To investigate further, they conducted a retrospective chart review of patients aged from 1 to 17 years who were diagnosed with EoE. The researchers identified eligible Black patients and then identified a sample of non-Black patients who were matched by age and sex. In all, 143 Black children and 142 non-Black children were included. The median age at diagnosis was 5.1 years and 6.7 years, respectively. More than twice as many Black children than non-Black children had public health insurance (66.2% vs 30.7%).

The authors found that non-Black children were significantly more likely to present with abdominal pain (33.1% vs 11.2%), whereas Black children were more likely to present with failure to thrive/poor growth (32.2% vs 12.7%).

In regard to endoscopic findings, Black children were more likely to have strictures (3.5% vs 0.0%), but no other significant differences were found. The 2 groups underwent a similar number of esophagogastroduodenoscopies during follow-up (mean number of procedures, 4 among Black patients vs 3 among non-Black patients).

In addition, atopic comorbidities were more common among Black children than non-Black children: food allergies (52.4% vs 35.9%), atopic dermatitis (50.3% vs 27.5%), asthma (47.7% vs 28.9%), and allergic rhinitis (40.6% vs 23.9%). A family history of atopy was recorded for 65% of Black patients vs 47.2% of non-Black patients.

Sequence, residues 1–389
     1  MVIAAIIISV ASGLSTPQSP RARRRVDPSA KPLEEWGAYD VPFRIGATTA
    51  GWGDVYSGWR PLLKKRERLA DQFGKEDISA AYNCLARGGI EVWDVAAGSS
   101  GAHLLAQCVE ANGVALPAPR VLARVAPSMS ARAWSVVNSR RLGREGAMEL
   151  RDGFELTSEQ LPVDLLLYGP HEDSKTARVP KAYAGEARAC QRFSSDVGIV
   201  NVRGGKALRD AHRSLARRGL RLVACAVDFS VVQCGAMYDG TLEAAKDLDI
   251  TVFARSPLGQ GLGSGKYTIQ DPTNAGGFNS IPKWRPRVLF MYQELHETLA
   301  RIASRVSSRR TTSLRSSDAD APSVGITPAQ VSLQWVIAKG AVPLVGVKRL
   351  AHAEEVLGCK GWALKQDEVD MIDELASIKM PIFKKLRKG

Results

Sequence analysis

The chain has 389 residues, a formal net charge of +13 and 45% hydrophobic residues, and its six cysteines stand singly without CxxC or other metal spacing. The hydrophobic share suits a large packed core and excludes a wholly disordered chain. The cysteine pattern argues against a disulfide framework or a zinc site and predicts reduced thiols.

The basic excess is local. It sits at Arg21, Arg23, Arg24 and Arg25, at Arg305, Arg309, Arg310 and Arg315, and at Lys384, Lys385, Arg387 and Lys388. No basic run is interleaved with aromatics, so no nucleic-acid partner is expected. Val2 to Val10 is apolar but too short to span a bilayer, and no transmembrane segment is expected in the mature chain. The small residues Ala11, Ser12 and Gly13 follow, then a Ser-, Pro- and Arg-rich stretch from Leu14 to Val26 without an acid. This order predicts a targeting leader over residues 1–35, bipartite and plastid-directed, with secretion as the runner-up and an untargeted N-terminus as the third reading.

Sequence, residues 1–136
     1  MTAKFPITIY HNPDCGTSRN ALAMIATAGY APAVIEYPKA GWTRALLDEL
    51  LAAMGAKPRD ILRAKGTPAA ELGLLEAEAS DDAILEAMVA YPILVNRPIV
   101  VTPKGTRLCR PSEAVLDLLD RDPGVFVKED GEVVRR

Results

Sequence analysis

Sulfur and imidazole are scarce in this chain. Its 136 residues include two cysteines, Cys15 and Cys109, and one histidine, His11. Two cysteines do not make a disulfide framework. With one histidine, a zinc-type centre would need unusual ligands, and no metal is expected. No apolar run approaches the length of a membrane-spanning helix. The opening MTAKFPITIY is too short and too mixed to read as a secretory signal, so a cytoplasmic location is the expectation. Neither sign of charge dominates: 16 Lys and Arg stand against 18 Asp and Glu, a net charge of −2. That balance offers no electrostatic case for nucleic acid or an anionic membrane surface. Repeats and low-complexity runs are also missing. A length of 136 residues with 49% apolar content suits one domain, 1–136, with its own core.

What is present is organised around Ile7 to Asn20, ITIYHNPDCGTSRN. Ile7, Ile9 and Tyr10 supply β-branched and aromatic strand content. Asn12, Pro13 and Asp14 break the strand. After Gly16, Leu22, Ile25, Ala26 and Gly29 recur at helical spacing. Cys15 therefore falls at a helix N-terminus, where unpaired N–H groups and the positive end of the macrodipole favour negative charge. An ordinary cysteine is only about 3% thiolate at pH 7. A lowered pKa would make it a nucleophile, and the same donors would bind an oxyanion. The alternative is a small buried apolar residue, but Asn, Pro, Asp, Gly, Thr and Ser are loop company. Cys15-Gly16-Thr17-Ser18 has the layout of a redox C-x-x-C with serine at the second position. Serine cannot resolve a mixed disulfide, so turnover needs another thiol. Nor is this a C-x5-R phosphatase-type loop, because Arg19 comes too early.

Notably, the authors found no overall significant differences in the therapies used for Black and non-Black patients. There also was no significant difference in the proportion of patients who achieved remission at some point (58.7% of Black patients vs 66.2% of non-Black patients). However, nonadherence to medical therapy was significantly more prevalent among Black patients (33.6% vs 10.9%).

Similar proportions were lost to follow-up (46.9% of Black patients vs 43.6% of non-Black patients).

Raising Awareness

Dr Edwards-Salmon told Medscape Medical News that although there are many potential reasons for the differences, the most likely would be access to care and/or socioeconomic differences.

She explained that their biggest hope in publishing the results of their study is to increase physician awareness of EoE in the Black pediatric population and how its presentation may differ. The aim is to achieve earlier treatment and earlier remission, and therefore better outcomes, she said.

Dr Edwards-Salmon suggested that adherence could be improved by including patient surveys on medication access and affordability, as well as having information regarding a parent or guardian's daily schedule, which would enable providers to come up with a plan on how to most easily supervise medication.